CA 192 is a strange State Highway in that it essentially exists on what has become a series of residential streets which have long since lost their utility as a through route.  From CA 154 the route of CA 192 east begins on Foothill Drive before turning onto Mountain Drive at Post Mile SB 3.876.  At Post Mile 4.27 CA 192 east turns on Mission Ridge Road and onto Stanwood Drive at Post Mile SB 4.544.

At approximately Post Mile SB 5.981 CA 192 east crosses the one-lane stone arch Sycamore Creek Bridge approaching CA 144 and Sycamore Canyon Road.   The Sycamore Creek Bridge was opened to traffic in 1921 and one of the few examples of a segment one-lane State Highway.  Further, I cannot think off the top of my head another example of a stone arch bridge being maintained a Caltrans owned roadway.  CA 192 east turns onto Sycamore Canyon Road at the junction with CA 144.



CA 192 east follows Sycamore Canyon Road into Montecito before turning left onto Valley Road at Post Mile SB 7.937.











CA 192 follows Valley Road through central Montecito at San Ysidro Road at Post Mile SB 8.816.








CA 192 east continues through the outskirts of Montecito where it has signed access to Toro Canyon Park at Post Mile SB 12.562.
















At Post Mile SB 13.102 CA 192 east turns onto Foothill Road.




CA 192 east follows Foothill Road through the community of Toro Canyon.  At Post Mile SB 14.57 CA 192 east comes within less than a quarter mile of US 101.





















CA 192 east continues on Foothill Road into Carpineria.  At Post Mile SB 18.000 CA 192 east joins Casitas Pass Road.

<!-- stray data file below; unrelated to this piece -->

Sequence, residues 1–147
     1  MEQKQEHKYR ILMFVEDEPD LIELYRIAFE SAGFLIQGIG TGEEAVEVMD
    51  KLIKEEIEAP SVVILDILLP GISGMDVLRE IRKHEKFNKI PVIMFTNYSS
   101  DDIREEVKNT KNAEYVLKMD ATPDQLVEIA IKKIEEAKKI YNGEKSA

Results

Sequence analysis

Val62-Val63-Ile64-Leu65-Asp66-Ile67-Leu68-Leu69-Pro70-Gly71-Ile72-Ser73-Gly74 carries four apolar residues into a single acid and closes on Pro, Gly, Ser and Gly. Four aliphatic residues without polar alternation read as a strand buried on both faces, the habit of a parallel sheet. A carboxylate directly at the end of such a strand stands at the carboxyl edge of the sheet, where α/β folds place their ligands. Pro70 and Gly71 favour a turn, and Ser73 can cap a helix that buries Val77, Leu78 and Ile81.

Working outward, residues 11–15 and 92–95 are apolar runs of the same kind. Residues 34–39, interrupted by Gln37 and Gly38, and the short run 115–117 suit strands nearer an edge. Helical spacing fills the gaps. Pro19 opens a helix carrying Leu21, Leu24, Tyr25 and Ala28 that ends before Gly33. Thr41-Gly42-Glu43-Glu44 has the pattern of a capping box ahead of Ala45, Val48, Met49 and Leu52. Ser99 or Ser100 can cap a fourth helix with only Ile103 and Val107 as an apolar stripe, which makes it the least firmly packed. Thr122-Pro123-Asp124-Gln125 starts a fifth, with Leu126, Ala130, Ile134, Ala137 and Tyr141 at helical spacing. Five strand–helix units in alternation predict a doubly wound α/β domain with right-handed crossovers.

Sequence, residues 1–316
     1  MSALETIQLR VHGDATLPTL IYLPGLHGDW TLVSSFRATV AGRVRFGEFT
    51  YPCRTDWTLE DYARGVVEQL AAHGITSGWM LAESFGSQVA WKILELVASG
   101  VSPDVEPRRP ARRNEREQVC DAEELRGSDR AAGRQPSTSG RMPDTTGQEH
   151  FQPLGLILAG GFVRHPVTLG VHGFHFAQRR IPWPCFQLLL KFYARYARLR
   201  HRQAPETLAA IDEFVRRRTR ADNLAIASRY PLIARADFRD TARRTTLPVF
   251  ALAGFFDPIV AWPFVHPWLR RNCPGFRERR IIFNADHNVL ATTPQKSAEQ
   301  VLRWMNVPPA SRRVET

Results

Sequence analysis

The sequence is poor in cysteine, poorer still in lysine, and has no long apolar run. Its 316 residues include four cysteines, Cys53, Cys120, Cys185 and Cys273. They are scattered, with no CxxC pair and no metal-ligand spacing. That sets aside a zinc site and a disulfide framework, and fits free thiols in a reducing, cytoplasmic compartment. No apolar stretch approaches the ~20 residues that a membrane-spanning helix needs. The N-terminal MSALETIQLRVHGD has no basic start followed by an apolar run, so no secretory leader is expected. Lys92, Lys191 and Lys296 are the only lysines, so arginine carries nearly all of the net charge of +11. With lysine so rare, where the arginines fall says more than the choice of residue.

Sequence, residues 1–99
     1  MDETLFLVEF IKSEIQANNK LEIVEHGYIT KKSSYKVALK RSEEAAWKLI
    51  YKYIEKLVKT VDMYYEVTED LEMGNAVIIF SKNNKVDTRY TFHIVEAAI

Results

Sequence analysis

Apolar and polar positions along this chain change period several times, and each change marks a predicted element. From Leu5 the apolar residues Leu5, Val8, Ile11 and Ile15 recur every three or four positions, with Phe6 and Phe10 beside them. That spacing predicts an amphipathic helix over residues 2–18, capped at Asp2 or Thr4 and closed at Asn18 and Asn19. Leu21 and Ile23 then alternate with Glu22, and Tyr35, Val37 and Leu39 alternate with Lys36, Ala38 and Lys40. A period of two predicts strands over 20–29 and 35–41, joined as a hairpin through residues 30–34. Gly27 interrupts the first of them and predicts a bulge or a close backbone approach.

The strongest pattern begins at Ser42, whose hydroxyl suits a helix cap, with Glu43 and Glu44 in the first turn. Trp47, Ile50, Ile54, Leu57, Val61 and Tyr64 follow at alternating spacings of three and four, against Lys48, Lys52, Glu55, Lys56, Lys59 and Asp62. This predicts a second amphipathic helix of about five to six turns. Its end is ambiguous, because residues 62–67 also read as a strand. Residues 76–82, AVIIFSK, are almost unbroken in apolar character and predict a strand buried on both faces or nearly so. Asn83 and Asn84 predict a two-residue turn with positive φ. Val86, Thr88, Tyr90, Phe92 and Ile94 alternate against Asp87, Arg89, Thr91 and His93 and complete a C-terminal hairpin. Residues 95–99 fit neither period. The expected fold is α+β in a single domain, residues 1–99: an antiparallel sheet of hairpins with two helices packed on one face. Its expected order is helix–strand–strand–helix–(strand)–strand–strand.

CA 192 east follows Casitas Pass Road to CA 150 at Post Mile SB 21.086 just short of the Ventura County Line.
















Part 5; CA 150 east from CA 192 to CA 33

The last part of my drive on the CA 150 family of highways was the namesake highway from CA 192 east to CA 33.  Present CA 150 begins at US 101 near Carpinteria and traverses easterly 36 miles to CA 126 in Santa Paula according to CAhighways.org.


CA 150 east follows Casitas Pass Road to Rincon Creek where it crosses the Ventura County Line at Post Mile SB 2.190.









Ojai is signed as 18 miles to the east on CA 150 from the Ventura County Line whereas Santa Paula is shown as 33 miles away.


CA 150 east follows Casitas Pass Road over the namesake Pass to an overlook of Lake Casitas at approximately Post Mile VEN 6.750.




















CA 150 east begins a clockwise descent around Lake Casitas and enters the Lake Casitas Recreation Area.








CA 150 east passes by Casitas Station of Los Padres National Forest.  CA 150 continues on Casitas Pass Road north of Lake Casitas and picks up it's original alignment at Santa Ana Road at Post Mile VEN 11.27.











From Santa Ana Road CA 150 east is signed on Baldwin Road all the way to CA 33 (former US 399) in Mira Monte at approximately Post Mile VEN R14.408.









CA 150 east multiplexes CA 33 north 2 miles into Ojai on Ventura Avenue and Ojai Avenue.  CA 150 east splits from CA 33 north in Ojai and continues onward towards Santa Paula at Post Mile VEN 16.578.  I turned north on CA 33 on Maricopa Highway and towards Cuyama Valley.